Lynda Crowley-Cyr, Associate Professor of Law at the University of Southern Queensland, said lawyers should generally avoid having any kind of personal relationship with their client while in a lawyer-client relationship.
She said the obligation to remain professionally independent and impartial was on the lawyer, not the client.
“A friendship could potentially jeopardise the professional relationship. Lawyers’ first obligation is to the court,” she said.
“Relationships with clients, whether romantic or platonic friendships, risk clouding the lawyer’s obligations to remain impartial and independent.”
Associate Professor Crowley-Cyr said in this case Mr Roberts-Smith may have access to classified information as he was also the subject of an investigation by the Defence Inspector-General, but the relationship with his lawyer “does not mean he will divulge sensitive information to her”.
“This should not be assumed. The obligation to keep national security/sworn secret information secret is on him, not the lawyer.”
Greg Barns, a spokesman for the Australian Lawyers Alliance, said the general rule was that lawyers are professionals and “you should not have romantic relationships with your clients, and it can in fact result in disciplinary actions brought by the legal regulator in your jurisdiction”.
“This is not the first time that it has happened, it doesn’t happen very often. Generally speaking, if it comes to light there has been a relationship between the solicitor and a client, the legal regulator will look at the issue,” Mr Barns said.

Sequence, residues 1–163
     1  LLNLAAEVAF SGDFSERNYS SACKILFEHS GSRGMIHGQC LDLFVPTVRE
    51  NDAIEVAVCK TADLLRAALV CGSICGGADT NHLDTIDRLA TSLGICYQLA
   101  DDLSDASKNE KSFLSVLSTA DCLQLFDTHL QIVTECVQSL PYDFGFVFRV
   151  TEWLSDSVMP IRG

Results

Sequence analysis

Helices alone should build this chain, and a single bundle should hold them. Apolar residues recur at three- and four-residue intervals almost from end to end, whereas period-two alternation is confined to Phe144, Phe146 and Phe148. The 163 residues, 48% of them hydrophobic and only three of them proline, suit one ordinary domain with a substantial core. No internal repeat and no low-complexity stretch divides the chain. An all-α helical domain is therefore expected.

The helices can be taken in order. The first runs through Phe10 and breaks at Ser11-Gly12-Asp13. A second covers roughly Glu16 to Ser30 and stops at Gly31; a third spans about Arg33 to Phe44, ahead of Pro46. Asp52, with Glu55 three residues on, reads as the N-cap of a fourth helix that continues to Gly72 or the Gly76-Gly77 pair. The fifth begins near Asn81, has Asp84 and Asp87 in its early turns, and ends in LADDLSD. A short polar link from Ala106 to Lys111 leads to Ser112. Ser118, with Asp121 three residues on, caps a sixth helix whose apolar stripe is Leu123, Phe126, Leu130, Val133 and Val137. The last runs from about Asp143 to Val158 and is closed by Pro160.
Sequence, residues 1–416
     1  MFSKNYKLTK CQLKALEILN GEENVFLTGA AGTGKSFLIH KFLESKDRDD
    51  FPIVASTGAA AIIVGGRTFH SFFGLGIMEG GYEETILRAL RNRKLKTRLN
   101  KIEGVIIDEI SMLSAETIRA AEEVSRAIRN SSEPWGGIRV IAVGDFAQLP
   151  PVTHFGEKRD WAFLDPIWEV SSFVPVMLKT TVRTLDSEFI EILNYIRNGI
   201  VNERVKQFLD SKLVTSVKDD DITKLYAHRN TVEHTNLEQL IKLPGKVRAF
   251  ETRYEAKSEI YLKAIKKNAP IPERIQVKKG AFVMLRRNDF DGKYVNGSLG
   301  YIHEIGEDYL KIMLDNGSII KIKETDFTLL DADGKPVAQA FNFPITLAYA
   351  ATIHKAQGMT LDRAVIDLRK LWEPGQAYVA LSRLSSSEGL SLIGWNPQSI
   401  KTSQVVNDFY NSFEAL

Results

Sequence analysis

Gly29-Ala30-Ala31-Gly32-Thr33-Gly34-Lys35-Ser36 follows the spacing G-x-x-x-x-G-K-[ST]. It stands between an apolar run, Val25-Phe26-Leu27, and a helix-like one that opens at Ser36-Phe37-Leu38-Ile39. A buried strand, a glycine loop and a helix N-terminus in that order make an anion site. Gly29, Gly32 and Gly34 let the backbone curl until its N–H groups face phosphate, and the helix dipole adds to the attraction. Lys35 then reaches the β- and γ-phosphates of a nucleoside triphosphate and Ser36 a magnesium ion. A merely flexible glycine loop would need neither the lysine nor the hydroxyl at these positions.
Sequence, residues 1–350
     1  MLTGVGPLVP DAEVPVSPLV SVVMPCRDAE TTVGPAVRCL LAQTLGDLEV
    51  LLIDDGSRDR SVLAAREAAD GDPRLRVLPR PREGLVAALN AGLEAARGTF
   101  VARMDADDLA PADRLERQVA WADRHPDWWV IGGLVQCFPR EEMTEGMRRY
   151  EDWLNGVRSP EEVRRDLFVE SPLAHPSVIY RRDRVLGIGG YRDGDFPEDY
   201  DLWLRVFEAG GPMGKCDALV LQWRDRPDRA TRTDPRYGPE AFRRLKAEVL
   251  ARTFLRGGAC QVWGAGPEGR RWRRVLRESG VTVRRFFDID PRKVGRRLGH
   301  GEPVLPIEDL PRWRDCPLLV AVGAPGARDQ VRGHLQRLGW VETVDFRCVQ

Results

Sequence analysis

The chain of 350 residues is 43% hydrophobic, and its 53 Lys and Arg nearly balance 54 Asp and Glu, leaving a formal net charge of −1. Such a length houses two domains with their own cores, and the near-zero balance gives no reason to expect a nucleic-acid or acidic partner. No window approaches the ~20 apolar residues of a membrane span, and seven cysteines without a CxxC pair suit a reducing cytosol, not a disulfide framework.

The High Court has previously ruled a sexualised relationship between a solicitor and client is improper and unprofessional, but it does not of itself constitute misconduct and and automatically result in being struck off a case or disqualified.
The defamation case is highly sensitive, with Attorney-General Christian Porter earlier this year invoking the National Security Information Act to gag parts of the civil trial.
The Commonwealth has asked for a series of rules to be adopted to ensure national security would not be compromised in court hearings, including provisions that permit lawyers to use laptops that hold classified documents only in specially designated rooms and only if lawyers have accreditation from Defence officials.
Ms Allen and her company were contacted for comment.
Anthony is foreign affairs and national security correspondent for The Sydney Morning Herald and The Age.